Single stage vs two stage system
Building new house. 4500 sq ft. Each side of house will be controlled by separate HVAC systems. Contractor has recommended Coleman 5 ton 18 SEER split system with 110,000 BTU (Model AC8B048FC34T18S condenser; Model FC62D3XN15T coil; Model TM8X100C20MP11 furnace) for one side of house and Coleman 4 ton 18 SEER split system with 90,000 BTUs (Model AC8B036FC34T18S condenser; Model FC483XN15T coil; Model TX8X100C20MP11). I favor upgrading to a two stage system 9T, 9V or 9M-12. I also wonder about upgrading to CP9C at 97.5% efficiency. We live in southern New Mexico so the winter can be cold but typically isn't very long so the higher efficiency heating won't likely be recouped in energy savings in any reasonable period of time but the better air conditioning should. Also the better systems have quieter fans and better components (or so I've read) and the quiet is very important. Any advice would be appreciated. Also the estimate for the whole job is running in the$$ range --without the complete details, I know it is impossible for you to be precise on an estimate -- does this seem like it is in the "reasonable" ballpark?
Last edited by beenthere; 09-03-2012 at 07:23 PM.
Welcome to HVAC-Talk. A load calculation will need to be done to determine correct sizing. Since the house is new construction consider spending more on insulating/sealing and less on the HVAC system. 200,000 BTU for heat sounds WAY to big if the house is built right. 9 tons for A/C is conventional construction using the same 500sq ft per ton that hasn't changed since the 60's. Modern insulating practices such as spray foam or Styrofoam can reduce heat gain loss to HALF than of conventional construction. Simply moving ducts into conditioned space reduces heating and cooling loads 25%.
Unless gas or electricity is really expensive in your area 80% furnaces and 14 SEER A/C units generally have the most reasonable payback time. Also know that SEER is efficiency at 82 degree outside temperature, EER which is sometimes published is rated @ 95 outside temperature. We don't discuss prices on the website (it's against the rules), bids will vary depending on the job.
I would look into variable drive mini splits if I were building a new house. Make sure the house is built well, sealed, and insulated. Mitsubishi city multi or daikan, Samsung, and LG are all good mini split manufacturers. These types of units are unmatched when it comes to efficiency. Also they are EXTREMELY QUIET, both indoor and outdoor units. The dehumidify very well too
If building a house as large and I assume nice aesthetically I would not skimp on sizing and duct design you will regret it when you are uncomfortable in your house for the next 20 years
Mini splits are sweet no doubt. Buy how do you deal with small rooms like bathrooms/laundry/study/etc. You would need a lot of units to get air in all rooms.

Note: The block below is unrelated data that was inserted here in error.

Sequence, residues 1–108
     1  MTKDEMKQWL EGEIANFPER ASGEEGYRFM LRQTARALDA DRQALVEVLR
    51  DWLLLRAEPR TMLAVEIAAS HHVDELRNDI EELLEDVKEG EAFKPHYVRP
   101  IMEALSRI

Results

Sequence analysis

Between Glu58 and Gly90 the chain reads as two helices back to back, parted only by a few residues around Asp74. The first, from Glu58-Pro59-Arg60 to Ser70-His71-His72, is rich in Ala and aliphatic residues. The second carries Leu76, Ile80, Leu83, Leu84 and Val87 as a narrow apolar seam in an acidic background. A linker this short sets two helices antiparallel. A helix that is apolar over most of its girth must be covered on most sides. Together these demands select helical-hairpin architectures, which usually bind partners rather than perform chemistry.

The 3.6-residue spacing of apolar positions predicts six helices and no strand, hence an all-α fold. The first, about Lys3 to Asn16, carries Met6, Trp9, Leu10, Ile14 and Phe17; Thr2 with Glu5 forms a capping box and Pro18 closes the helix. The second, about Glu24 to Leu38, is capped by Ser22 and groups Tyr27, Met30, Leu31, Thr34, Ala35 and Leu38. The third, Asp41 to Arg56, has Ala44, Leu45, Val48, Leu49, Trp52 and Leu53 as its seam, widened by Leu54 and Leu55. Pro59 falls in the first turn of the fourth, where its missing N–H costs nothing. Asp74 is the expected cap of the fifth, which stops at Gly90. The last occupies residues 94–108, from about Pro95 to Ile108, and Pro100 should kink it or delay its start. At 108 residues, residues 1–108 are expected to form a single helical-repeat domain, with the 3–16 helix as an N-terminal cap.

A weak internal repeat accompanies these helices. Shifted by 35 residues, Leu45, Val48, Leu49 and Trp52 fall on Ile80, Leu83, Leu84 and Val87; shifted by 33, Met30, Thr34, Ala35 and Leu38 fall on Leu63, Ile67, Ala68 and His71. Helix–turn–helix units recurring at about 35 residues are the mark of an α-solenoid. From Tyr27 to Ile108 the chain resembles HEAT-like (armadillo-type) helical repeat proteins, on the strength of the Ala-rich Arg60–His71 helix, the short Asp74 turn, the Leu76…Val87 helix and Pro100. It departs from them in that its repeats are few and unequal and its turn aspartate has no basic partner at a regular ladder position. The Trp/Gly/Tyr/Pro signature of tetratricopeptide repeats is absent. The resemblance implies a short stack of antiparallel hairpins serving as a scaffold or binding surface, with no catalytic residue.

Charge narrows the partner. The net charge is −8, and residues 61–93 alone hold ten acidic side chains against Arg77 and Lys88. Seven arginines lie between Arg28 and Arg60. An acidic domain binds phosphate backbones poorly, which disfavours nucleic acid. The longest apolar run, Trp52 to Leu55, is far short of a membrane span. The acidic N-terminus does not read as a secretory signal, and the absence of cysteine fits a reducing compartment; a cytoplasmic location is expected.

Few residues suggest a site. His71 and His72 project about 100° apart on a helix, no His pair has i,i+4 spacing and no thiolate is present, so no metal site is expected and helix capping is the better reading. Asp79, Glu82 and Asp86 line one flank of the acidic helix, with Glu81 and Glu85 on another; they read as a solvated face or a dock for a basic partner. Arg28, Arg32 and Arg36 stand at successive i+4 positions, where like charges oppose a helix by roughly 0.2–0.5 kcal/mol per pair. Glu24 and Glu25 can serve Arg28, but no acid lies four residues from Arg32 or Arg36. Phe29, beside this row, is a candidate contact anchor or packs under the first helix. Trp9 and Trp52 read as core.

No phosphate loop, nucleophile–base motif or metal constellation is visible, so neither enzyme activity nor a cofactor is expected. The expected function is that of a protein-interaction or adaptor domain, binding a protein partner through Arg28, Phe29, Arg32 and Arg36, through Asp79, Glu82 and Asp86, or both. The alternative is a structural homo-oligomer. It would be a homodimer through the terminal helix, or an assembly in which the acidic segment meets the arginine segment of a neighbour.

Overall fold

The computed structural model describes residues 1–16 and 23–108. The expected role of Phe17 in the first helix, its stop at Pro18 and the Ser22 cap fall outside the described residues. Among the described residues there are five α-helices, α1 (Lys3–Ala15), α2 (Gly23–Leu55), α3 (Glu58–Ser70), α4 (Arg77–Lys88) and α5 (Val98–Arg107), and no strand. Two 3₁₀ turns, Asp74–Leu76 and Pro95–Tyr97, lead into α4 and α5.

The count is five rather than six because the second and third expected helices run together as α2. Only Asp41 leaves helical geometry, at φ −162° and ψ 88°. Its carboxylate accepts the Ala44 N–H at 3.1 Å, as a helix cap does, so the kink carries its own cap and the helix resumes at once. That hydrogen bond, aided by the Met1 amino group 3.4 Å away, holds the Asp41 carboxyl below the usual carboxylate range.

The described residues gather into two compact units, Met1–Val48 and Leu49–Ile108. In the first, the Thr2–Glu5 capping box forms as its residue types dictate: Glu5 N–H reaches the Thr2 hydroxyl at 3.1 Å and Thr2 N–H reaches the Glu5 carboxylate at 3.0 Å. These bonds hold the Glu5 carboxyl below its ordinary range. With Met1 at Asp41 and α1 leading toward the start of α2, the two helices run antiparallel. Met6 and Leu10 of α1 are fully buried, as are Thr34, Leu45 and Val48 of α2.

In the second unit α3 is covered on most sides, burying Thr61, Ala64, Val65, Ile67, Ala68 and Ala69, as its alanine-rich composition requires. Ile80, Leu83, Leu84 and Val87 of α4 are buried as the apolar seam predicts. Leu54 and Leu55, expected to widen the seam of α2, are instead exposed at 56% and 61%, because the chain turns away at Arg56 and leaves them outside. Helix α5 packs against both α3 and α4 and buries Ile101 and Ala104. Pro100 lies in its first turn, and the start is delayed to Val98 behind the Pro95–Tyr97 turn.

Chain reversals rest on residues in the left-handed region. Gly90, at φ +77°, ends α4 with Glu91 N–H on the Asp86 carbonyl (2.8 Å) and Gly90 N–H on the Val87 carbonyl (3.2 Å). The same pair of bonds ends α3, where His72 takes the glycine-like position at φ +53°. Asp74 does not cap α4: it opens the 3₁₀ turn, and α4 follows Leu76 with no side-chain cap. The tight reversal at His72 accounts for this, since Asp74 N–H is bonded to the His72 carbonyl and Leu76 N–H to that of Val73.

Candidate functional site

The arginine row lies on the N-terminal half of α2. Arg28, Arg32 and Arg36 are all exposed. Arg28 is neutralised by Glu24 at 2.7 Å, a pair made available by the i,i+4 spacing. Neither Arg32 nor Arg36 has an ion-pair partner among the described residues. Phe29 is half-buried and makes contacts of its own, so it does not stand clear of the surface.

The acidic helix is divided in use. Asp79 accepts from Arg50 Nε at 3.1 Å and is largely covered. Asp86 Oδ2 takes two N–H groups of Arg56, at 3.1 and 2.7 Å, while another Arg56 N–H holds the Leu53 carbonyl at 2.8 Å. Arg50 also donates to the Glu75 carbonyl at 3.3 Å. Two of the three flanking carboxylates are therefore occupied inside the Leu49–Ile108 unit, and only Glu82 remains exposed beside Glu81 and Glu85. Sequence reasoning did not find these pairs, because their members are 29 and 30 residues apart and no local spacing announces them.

Originally Posted by jtrammel
A small ducted air handler
Originally Posted by 54regcab
The first condenser you listed is a 4 ton, the second one is a 3 ton.
Pricing questions are not allowed.
You will never need that much heat although you might need that size of furnace to get that high of seer rating some times its better to loose a point of seer rating for a correctly sized furnace imop
We really need change now
another vote for load calculation.
investing in air sealing, duct sealing and insulation
will allow smaller units that will perform better.
oversized units will cycle on and off, cost you more
upfront and cost you every month in operating costs.
as a friend of mine who works for utility company says..
oversized hvac systems, the gift to utilitie provider that keeps on giving.
you have the time now to get it right. never agan will you have
the access & good timing to make corrections.
best of luck.
The cure of the part should not be attempted without the cure of the whole. ~Plato
Load calculation was done originally (although I had to demand it) but as I am sure you all are aware, it is not a simple document to interpret. In addition, I am not sure how to determine if the assumptions are reasonable. This is how the tonnage was determined, I believe. The house is well insulated with blown in foam, triple pane low E windows and all duct work is within conditioned space. If quietness is a high priority, then is a two stage system with purportedly better fans, a better choice over the single stage? Any comments on Coleman specifically or is it true that the most important issue is whether the installer knows his equipment? Thanks for the feedback.
(As a first time visitor, please pardon my question regarding price.)
2 stage equipment is usually quieter then single stage. Nothing wrong with Coleman.
START WITH THE BASICS ..
Originally Posted by inquiringlizzy
My initial target would be two 3-ton heat pumps / dual fuel units.
Depending on the floor plan and envelope ( insulation, infilTration, windows/ orientation), I might look at 3 smaller systems.
What is the annual rainfall? ( humidity)
What is the elevation?
I would change the envelope until the house matched my equipment.
It's Not Rocket Science, But It is SCIENCE
with "Some Art". ___ ___ K EEP I T S IMPLE & S INCERE
Define the Building Envelope and Perform a Detailed Load Calc: It's ALL About Windows and Make-up Air Requirements. Know Your Equipment Capabilities
Tags for this Thread